The Badger’s captains: a Ludington tradition

October 5, 2012

Capt. Jeff Curtis

ON-BOARD-THE-SS-BADGER – The carferries have a tradition in Ludington dating back to 1897. At one time Ludington alone had seven carferries operating out of its port, transporting railroad cars across Lake Michigan to the Wisconsin ports of Milwaukee, Manitowoc and Keewaunee. Other Michigan ports such as Frankfort and Muskegon also had carferries. This meant dozens of captains operating the steam ships.

Today, Dean Hobbs and Jeff Curtis are the only two steam carferry captains working full time on the Great Lakes. They are the captains of the 410-foot S.S. Badger, the last remaining operational steamship on Lake Michigan.

Hobbs started working for Lake Michigan Carferry, the Badger’s owner, in 1995. This is Curtis’ first season on the Badger.

“What the crew does here on the Badger is pretty remarkable,” Hobbs says.

“The tradition of operating this ship is handed down captain to captain and crew to crew,” Hobbs said. “There is a lot of pride on board this ship.”

One of the major duties of the Badger’s captain is to back the ship into dock from the aft pilot house. This is done after the Badger enters port and the anchor is dropped.

Capt. Jeff Curtis, wearing a traditional white captain’s uniform and hat, maneuvers the ship using the various controls. Every once in a while he will move a lever that sends off a series of rings down to the engine room, communicating with personnel down there the speed of the ship’s engines.

The procedure takes about 10 or 15 minutes from the time the anchor is dropped. The aft pilot house, located on the main passenger deck has windows on port and starboard sides so passengers can look in. This is serious business, though, and the captain doesn’t let the on-lookers distract him from his duties. However, when he finishes docking the ship, on this particular day, he glancesto his right and notices a little girl looking at him, waving with a big smile.

Capt. Dean Hobbs

“That is the best part of this job,” Curtis says, now grinning himself. As he walks back onto the passenger deck a woman stopped and asked if she could get her picture taken with him. The captain obliges.

“I love this job,” he tells me. “In the rest of the maritime industry here on the Great Lakes captains and pilots are doing amazing ship handling but no one sees it. Here, on the Badger, I get the thrill of having an audience for my work.

“Of course, the downside is if I screw up I will most likely end up on Youtube.”

Curtis started working for Lake Michigan Carferry this season replacing Capt. Kevin Fitch who left for another job. Curtis and Senior Captain Dean Hobbs are the two regular captains on board the historic vessel.

Hobbs said he will never forget his first experience operating the Badger. He was riding with Capt. Bruce Masse on a goodwill tour to Chicago’s Navy Pier.

“Bruce had never taken a ship into Navy Pier before,” Hobbs says. “He had taken ships into the Wisconsin ports of Kewaunee, Milwaukee and Manitowoc but Chicago scared the heck out of him.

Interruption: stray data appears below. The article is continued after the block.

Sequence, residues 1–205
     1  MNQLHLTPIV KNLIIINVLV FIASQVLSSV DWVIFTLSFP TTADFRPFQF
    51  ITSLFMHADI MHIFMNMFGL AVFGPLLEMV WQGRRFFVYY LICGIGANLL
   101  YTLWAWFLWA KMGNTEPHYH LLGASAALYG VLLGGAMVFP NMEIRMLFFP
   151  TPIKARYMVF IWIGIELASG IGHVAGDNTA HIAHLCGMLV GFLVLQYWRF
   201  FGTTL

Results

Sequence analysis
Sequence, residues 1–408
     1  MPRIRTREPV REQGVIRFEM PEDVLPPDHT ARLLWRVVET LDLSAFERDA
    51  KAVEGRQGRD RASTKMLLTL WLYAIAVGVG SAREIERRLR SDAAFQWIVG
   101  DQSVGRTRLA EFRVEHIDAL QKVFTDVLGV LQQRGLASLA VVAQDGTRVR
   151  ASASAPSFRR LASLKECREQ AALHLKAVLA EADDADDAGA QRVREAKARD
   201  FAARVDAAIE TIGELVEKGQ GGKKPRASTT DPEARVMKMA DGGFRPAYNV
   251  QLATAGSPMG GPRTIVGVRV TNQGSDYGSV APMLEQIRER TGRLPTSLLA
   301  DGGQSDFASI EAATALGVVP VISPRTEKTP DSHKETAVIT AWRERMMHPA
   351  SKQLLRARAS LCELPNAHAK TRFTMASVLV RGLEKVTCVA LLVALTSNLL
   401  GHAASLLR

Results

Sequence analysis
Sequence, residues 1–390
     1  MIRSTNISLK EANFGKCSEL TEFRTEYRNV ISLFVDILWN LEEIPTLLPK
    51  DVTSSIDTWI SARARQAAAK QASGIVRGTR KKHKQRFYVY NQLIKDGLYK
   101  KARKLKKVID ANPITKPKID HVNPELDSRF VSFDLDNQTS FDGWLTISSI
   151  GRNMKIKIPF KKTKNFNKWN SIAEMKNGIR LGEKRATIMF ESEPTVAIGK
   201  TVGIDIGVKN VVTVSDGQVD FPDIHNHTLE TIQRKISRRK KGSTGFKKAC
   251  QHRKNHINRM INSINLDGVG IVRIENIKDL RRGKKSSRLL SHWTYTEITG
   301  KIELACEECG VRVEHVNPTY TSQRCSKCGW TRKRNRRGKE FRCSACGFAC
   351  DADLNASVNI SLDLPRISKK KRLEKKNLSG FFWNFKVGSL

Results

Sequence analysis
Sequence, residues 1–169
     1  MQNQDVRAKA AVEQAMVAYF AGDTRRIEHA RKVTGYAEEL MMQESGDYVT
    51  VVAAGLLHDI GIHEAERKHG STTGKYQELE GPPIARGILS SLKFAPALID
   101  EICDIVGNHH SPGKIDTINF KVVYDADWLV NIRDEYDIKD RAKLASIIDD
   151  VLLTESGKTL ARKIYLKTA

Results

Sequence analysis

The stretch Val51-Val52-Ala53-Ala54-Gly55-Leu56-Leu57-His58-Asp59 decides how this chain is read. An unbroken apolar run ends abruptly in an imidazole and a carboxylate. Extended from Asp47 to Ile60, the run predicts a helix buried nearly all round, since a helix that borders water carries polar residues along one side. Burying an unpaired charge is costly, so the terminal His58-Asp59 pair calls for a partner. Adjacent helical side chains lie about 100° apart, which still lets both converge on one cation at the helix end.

“So, we took the Badger into Navy Pier as you would take a typical steam ship into any port. You get about 2 miles from the breakwater you slow down to half speed. When you are a mile out you slow down to 1 or 3 knots per hour depending on the wind. Well, that was not Bruce’s comfort level. It was too slow and methodical.

“I took the Badger out of Chicago and turned it around and we left, again, typical steamboat fashion. When we got back to Ludington, Bruce was back in his comfort zone. He said, ‘now I will show you how we do it C&O style,’ referring to the C&O Railroad that used to own the Ludington carferries.

“So we got two miles from Ludington breakwater and he didn’t slow the ship down. I suggested we slow down, but we didn’t. We got one mile from the breakwater and he put the engines on standby. At half mile from the breakwater he finally put the engines at half. We went past the breakwater doing 13.5 knots, 10.5 knots faster than going into Chicago! Then he checked from half to slow somewhere near the inner green light. As we went by the Coast Guard station we were doing 10 knots. We got to the corner and he gave the wheelsman the order to turn hard right and starboard at half stern. The boat started spinning. He pushed the button and the anchor went down and he said ‘we have to go to the aft pilot house.’

Capt. Curtis docks the Badger

“It seemed like a pretty out of control experience from that pilot house. My first thought was ‘I can’t do this. This is insanity.’ In fact, I called my old job and asked if I could come back. Bruce told me to give it some time. Over the next couple of weeks I started going back and forth to Manitowoc and it came to be more reasonable to me. Now it’s sort of second nature.”

Prior to working for the Badger, Curtis worked for 14 years as a federal pilot for the Western Great Lakes Pilots Association. The Badger is certainly a different experience.

“We don’t have a bow thruster,” Hobbs says. “We use an anchor and the engines and a single rudder, pretty much the same way it was done over 100 years ago. The tradition of operating this ship is handed down from captain to captain and crew to crew. There is a level of pride that is handed down. This is a legacy.”

“The Badger was built in 1952 and put into service in 1953,” Curtis explains. “Not much about this ship has changed since then. This is a tall ship so the wind affects it a lot. Because there isn’t a bow thruster and the one rudder is set between the two propellers we need to maintain more speed to maintain control than would be normal on other ships.”

So what is a typical day like for the captain of the S.S. Badger?

“It goes like this,” Curtis explains. “I relieve Capt. Hobbs when the ship arrives in Ludington around 7 p.m. I check the computer for company email and also for the weather forecast. I then check the galley for cookies.

Capt. Hobbs signs an autograph